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Shop Hoist Hangs From Double I-Beams
"In 1976, after my Dad and I had built a new shop, we were ready to install an overhead hoist. But we were concerned with how little lift height we were going to have using a single I-beam with a hoist hanging beneath it," says Rod Hubner, Garfield, Wash.
"Then I spotted a picture in an old book of a hoist in a Chicago steel plant that was carried above two I-beams rather than be-low a single one. I liked the idea because I knew it would give us an extra 2 ft. of clearance in our shop.
"We used two 10-in. I-beams with 3 by 5-in. angle iron endpieces holding them together. A pair of automotive hubs, spindles, and wheels were welded onto each end of the hoist. The wheels ride on 6-in. dia. well casing pipe mounted on the poles along the walls on brackets made out of heavy plate steel. We used clear plastic tubing filled with water as a `liquid level' to determine the correct positioning on all the walls. The hoist carrier frame on top of the I-beams is made out of 3 by 5-in. angle iron supported by spindles and hubs - no wheels - running in a 1 by 1-in. angle iron track that keeps it from sliding off the I-beams.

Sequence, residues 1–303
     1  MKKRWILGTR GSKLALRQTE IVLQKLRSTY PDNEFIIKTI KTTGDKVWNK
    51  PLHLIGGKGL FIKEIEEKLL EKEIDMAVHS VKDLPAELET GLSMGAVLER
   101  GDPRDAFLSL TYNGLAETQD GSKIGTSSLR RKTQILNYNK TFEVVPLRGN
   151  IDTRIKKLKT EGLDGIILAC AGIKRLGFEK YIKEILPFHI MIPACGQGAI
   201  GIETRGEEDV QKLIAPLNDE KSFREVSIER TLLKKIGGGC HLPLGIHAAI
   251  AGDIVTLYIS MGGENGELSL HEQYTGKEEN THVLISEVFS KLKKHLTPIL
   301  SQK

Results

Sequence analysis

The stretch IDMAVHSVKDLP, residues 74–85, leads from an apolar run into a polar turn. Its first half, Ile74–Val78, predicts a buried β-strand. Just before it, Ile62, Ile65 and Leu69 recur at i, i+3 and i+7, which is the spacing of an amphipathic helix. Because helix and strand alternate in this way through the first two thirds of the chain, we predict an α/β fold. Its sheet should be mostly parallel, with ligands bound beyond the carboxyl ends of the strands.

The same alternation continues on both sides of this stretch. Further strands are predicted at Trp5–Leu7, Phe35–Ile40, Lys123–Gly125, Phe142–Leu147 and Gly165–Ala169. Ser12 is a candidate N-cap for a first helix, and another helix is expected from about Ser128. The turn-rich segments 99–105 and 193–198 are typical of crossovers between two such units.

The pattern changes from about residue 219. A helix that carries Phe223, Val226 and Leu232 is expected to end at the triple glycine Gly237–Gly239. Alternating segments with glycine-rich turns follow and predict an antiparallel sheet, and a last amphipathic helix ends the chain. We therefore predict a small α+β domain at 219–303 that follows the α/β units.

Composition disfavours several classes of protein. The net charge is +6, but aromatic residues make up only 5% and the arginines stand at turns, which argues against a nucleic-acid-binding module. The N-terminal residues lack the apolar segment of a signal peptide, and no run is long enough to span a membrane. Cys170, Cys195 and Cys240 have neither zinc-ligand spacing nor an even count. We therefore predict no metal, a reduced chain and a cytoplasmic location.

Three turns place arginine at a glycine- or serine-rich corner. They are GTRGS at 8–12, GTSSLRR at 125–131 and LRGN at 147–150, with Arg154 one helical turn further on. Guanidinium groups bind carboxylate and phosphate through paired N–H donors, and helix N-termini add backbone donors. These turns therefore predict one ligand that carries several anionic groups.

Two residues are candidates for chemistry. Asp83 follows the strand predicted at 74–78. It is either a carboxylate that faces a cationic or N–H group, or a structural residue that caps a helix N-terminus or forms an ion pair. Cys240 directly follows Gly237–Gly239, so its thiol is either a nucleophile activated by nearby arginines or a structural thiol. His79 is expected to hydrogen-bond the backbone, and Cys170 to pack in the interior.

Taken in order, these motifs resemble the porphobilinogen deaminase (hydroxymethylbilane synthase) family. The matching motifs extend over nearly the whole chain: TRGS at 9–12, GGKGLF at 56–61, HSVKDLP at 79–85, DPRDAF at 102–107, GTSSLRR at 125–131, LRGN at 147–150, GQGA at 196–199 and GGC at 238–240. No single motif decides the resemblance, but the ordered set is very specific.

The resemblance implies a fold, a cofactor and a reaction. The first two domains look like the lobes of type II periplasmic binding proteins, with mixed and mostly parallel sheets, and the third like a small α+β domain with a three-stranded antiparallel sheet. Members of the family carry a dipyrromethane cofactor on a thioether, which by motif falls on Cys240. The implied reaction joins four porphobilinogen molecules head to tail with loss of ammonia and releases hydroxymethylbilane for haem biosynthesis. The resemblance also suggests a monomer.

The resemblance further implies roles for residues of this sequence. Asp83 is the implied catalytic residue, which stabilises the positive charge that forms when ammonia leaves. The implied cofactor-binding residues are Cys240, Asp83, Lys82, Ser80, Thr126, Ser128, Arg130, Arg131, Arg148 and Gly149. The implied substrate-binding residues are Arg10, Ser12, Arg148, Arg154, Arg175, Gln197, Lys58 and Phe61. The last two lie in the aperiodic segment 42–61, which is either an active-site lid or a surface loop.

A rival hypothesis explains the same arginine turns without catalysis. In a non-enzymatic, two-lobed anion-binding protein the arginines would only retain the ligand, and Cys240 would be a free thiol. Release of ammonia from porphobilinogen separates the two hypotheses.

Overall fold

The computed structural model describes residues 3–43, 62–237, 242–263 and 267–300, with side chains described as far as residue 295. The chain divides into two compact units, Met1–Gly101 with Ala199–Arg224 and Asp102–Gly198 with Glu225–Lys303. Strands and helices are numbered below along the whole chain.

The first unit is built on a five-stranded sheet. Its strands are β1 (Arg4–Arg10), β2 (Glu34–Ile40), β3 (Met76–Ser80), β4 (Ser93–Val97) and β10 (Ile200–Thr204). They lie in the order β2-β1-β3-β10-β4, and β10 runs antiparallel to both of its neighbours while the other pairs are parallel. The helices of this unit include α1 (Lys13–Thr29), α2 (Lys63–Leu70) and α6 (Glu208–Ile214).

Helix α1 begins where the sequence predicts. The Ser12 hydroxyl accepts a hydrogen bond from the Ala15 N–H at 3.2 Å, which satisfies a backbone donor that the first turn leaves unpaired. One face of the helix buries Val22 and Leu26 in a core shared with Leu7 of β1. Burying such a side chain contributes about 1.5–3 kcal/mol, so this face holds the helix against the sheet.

"We spent about $1,000 to build the hoist, which was about one-third the cost of a commercial model that many of our neighbors were buying at the time. How any farmer can get along without an overhead hoist I'll never know. When I'm working by myself, it takes the place of a hired man."
Contact: FARM SHOW Followup, Rod Hubner, Rt. 1, Box 79, Garfield, Wash. 99130 (ph 509 635-1523).

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1993 - Volume #17, Issue #4